Records of over 5,000 Second World War civilian gallantry awards have just been published online for the first time by Ancestry, in association with The National Archives. I wanted to share some of the amazing stories that caught my eye – including an 11 year old facing down a bomb.
The UK WWII Civil Defence Gallantry Awards, 1940-1949 collection (file series HO 250) reveals the name, age and location of those who risked, or even lost, their lives to save others while protecting the home front.
While thousands of men fought across the world during the Second World War, more than 1.9 million civilians served as Civil Defence Volunteers back home on British soil. Some worked as air raid wardens, first aiders and firewatchers, but some were ordinary civilians who showed incredible bravery in the face of disaster.
Women and children honoured
This collection reveals the gallant actions of over 200 children. The youngest was just 10 years of age – Royston Newman, a boy scout from Tonbridge (HO 250/18/750). Newman acted as a human shield to protect his baby brother from bomb explosions, after seeing a neighbour killed in front of his eyes.
Also included is 11-year-old Raymond Hawley from Amersham, Buckinghamshire (HO 250/23/967). When a bomb penetrated the roof of his home, Raymond ran upstairs to investigate, seized a pair of trousers and smothered the bomb with them. He then carried it downstairs and threw it into the garden. His actions protected his disabled mother and four siblings who were in the house at the time.
The oldest person who appears in the records is 95-year-old Lillian Halle from Kensington (HO 250/11/578), a ‘tiny, frail-looking woman’ who put out a fire from an incendiary bomb in her house by herself, tearing down burning wallpaper with her bare hands.
This record also reveals a great deal more about the life of Lillian Halle and her strength of character. She had an adventurous life: she had crossed the Atlantic 16 times, been round the world three times and crossed the Sahara on a camel. She encountered a few disasters along the way including being shipwrecked, and a big fire in New York. All of these adventures must have equipped her with the bravery and courage she displayed during the Blitz.
Other female civilian heroes featured in the records include 39 year old Elizabeth Anne Everitt, from Ashdon in Essex (HO 250/93/2167A). When a plane crashed near her home, Everitt ran out to help, coming to the aid of several injured men. While searching the plane for other personnel, ‘a violent explosion occurred’, which killed Everitt and her dog, who was with her, instantly. Her husband had died a few months before, and her death meant that her young son (age 4), was sadly left an orphan. Everitt was posthumously awarded a medal at the bequest of the Prime Minister. Her son Tony was presented with the award at Buckingham Palace.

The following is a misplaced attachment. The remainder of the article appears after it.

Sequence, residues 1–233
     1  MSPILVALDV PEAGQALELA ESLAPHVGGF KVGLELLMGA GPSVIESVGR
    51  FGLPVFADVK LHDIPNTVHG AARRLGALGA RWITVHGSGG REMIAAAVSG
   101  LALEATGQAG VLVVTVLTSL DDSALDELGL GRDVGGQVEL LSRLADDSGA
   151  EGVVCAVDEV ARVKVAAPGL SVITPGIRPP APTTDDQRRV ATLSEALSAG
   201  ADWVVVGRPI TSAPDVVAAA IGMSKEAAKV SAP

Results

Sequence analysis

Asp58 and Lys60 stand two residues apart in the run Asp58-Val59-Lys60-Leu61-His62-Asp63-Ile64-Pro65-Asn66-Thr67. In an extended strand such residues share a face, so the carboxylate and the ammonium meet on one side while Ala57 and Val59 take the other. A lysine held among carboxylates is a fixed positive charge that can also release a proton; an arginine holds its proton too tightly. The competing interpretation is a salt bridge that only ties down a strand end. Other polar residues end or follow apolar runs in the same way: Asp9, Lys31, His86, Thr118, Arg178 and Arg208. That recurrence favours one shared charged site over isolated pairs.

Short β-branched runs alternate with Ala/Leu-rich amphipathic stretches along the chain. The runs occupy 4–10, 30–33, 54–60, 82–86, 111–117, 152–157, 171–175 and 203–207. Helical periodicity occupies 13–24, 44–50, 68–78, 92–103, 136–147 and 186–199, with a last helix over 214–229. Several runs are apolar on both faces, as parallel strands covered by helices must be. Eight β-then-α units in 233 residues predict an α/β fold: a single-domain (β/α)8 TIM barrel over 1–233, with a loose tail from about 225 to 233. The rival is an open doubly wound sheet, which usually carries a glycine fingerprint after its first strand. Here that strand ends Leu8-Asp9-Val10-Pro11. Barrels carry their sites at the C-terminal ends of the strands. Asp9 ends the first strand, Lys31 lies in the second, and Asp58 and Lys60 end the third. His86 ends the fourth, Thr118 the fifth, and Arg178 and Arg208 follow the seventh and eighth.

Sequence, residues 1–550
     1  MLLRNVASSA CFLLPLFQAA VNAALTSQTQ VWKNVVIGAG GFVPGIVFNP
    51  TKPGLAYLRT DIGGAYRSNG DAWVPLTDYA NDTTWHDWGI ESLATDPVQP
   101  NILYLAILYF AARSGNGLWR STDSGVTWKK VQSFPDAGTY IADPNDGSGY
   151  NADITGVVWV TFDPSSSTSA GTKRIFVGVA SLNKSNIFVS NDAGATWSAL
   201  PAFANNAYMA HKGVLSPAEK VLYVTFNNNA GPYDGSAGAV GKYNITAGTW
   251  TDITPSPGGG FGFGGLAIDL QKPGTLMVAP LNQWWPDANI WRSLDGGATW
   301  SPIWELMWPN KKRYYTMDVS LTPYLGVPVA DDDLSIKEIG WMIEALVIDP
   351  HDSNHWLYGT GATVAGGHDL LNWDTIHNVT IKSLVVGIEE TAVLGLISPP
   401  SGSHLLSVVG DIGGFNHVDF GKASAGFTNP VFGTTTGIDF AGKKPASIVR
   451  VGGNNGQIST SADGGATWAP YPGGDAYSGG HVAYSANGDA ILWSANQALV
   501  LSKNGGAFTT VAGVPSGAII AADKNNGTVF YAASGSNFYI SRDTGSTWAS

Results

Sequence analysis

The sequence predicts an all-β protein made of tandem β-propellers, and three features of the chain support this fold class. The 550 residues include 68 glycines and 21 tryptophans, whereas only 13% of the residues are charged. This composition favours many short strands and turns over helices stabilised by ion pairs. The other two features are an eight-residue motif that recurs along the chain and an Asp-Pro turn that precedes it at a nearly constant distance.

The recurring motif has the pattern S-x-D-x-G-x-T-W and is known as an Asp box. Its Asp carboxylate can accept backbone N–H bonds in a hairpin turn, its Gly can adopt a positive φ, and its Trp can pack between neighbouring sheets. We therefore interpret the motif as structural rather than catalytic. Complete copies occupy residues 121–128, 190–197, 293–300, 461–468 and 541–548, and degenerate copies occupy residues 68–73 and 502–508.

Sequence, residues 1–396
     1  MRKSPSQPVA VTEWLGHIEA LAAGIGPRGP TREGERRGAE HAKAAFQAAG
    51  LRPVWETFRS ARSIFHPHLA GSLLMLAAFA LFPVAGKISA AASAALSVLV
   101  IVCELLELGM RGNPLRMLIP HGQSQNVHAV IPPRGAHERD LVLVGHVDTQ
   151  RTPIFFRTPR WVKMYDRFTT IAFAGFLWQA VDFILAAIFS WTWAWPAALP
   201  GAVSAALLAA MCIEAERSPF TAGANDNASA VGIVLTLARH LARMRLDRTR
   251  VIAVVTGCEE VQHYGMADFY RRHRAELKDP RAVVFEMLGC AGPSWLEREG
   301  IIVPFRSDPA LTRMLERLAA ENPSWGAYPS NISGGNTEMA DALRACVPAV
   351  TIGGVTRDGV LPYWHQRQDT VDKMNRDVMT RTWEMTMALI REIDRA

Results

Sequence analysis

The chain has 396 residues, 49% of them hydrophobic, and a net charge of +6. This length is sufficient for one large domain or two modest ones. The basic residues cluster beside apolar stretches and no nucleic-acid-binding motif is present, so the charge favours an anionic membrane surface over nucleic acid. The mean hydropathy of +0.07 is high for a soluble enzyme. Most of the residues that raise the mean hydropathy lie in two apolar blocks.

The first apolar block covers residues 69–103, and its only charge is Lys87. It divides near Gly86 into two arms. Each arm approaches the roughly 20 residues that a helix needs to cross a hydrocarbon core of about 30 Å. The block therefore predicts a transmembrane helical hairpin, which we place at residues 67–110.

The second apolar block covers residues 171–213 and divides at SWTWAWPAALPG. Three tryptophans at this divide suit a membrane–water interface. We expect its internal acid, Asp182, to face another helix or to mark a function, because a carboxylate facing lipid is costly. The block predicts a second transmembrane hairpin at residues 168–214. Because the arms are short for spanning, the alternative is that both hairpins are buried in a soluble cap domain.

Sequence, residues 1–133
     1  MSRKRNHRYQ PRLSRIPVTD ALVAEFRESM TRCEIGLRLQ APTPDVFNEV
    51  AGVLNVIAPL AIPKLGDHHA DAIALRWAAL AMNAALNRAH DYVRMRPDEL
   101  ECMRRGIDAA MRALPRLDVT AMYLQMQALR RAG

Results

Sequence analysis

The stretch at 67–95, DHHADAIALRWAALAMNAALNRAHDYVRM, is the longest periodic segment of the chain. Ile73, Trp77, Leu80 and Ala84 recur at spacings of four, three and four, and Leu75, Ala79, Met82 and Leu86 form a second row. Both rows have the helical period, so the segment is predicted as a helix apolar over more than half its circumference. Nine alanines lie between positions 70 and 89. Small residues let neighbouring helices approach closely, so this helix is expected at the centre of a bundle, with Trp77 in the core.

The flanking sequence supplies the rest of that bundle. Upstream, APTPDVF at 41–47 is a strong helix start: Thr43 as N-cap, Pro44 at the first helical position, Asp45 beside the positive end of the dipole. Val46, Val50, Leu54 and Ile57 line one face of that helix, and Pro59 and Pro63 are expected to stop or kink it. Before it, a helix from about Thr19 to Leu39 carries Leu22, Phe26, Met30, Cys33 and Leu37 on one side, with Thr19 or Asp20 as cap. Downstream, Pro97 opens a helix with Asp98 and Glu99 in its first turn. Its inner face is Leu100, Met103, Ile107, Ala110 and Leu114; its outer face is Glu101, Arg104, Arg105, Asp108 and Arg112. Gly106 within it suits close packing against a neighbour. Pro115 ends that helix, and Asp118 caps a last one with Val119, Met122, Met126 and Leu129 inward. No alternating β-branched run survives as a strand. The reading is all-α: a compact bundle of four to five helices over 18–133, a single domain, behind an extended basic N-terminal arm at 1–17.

In the line of duty
Also included is Albert Ernest Dolphin (HO 250/4/256). At the start of the Blitz in September 1940, Albert was working as a porter at the South Eastern Hospital in New Cross, London.
When a bomb fell on the hospital, Dolphin found a nurse pinned down by a block of masonry, and when a nearby wall collapsed Dolphin ‘threw himself across [the nurse] in an endeavour to protect her, which he succeeded in doing at the cost of his own life.’ Dolphin was awarded the George Cross for his gallantry – the highest award that can be awarded to a civilian.
You can explore bombsight.org, which maps online where the bombs fell in London during the Blitz.
Behind the scenes…
All this is thanks to the work of volunteers as well as staff at The National Archives, who add huge amounts of data to make the records searchable online. Conservators at The National Archives carry out preservation work to protect the documents so that family history websites, such as Ancestry, can photograph and digitise thousands of pages to add online.
It is this work behind the scenes that makes it possible for people across the globe to see these amazing original records and discover the many fascinating stories of the home front during the Second World War.
From 6-11 November, Ancestry is offering free access to the UK WWII Civilian Defence Gallantry Awards, 1940-1949 collection as well as more than 200 million other military records at www.ancestry.co.uk/remembrance.
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And, of course, they can be viewed for free at any time TNA is open at Kew for free.